Comment

Harnessing the potential of technology to fight cancer

Apps and digital tools can help people to customise treatment but we must make sure we create functional systems to be used in a practical environment

Apps and digital tools can help people to customise treatment but we must make sure we create functional systems to be used in a practical environment


Picture: iStock

There has been a digital theme to my work over the past few months. I am a huge advocate of using technology and the data it can gather when it benefits patient outcomes. 

In an era when mobile phones are the must have accessory, and research suggests 63% of the global population are using them, it’s a wonder we don’t offer apps or digital toolkits to allow people to customise their information needs. Before you all shout back at me saying you do already, it is still highly variable.

The RCN has recently undertaken a digital ready consultation and I think the key question is: what will help us get the best out of the data and technology available? It will be interesting to read what the responses are when they are published.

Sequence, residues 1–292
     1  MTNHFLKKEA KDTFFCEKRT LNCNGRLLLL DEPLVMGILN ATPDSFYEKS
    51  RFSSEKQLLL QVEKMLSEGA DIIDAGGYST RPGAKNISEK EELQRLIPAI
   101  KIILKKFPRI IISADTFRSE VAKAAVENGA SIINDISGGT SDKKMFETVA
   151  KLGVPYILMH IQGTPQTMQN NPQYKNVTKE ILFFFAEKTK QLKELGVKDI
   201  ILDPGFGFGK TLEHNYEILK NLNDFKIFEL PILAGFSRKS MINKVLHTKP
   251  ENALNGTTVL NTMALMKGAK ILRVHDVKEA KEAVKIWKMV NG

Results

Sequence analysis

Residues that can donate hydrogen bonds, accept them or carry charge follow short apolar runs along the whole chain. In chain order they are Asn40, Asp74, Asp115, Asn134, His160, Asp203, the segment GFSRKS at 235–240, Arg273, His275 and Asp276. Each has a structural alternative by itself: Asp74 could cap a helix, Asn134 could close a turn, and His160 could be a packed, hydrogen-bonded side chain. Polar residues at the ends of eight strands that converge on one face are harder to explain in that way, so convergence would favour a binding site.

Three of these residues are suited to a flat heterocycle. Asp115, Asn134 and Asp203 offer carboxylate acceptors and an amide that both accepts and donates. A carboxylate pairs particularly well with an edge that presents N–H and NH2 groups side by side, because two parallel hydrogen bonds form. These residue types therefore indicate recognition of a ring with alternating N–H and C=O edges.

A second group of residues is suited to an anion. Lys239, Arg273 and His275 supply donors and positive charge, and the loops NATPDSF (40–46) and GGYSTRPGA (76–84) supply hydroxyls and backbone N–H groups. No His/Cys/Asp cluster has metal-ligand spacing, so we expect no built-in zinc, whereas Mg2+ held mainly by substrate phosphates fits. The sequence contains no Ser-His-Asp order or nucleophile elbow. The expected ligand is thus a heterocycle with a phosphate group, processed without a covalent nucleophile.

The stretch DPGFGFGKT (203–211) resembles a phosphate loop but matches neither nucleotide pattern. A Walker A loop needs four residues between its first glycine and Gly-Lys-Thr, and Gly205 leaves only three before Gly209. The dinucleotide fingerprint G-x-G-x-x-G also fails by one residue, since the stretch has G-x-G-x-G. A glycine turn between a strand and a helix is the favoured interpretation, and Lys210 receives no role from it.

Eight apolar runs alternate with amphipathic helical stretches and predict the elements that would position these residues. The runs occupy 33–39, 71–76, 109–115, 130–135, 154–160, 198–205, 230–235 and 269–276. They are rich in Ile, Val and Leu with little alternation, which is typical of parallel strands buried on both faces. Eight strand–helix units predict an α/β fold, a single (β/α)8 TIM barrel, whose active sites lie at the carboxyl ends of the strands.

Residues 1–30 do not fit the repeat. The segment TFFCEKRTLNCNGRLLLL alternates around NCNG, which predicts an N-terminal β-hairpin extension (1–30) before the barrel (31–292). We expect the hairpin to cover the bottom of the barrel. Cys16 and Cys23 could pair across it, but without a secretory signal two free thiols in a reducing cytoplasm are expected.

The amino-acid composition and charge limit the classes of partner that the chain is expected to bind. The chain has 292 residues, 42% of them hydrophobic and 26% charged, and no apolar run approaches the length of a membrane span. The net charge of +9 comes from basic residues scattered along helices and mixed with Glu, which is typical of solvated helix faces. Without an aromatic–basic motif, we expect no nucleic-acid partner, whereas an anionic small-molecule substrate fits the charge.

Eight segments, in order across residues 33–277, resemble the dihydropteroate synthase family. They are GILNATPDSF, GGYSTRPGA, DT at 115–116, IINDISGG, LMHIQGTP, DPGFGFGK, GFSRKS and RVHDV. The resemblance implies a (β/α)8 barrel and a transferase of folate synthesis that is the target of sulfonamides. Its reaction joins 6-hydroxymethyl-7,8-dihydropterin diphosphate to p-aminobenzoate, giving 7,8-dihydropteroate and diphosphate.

In my view, embracing a digital path requires both the inventors or the innovators on the technology side and the end users in health care to fully engage. Otherwise we end up with systems that are not functional in a practical healthcare environment.  

Sharing ideas

I recently attended an Innovate UK event (an organisation that helps businesses understand new technologies). Technology businesses, NHS doctors, nurses, social care practitioners and academics came together to share ideas and discuss opportunities to use technology. 

These events are happening across the UK. Among some of the presentations were two businesses who are being funded as part of the Cancer Innovation Challenge in Scotland, a £1 million project funding data science solutions. The projects were: My Clinical Outcomes – a web-based platform that automates the collection and analyses of patient reported outcome measures (PROMS), and OWise breast cancer – a website and mobile app that enables an individual to personalise their treatment programme and support. 

More information about these projects can be found at the links below.


About the author

Susanne Cruickshank @Sue_Cruickshank, chair of the RCN cancer and breast care forum
 

 

 


Further information

This article is for subscribers only

Jobs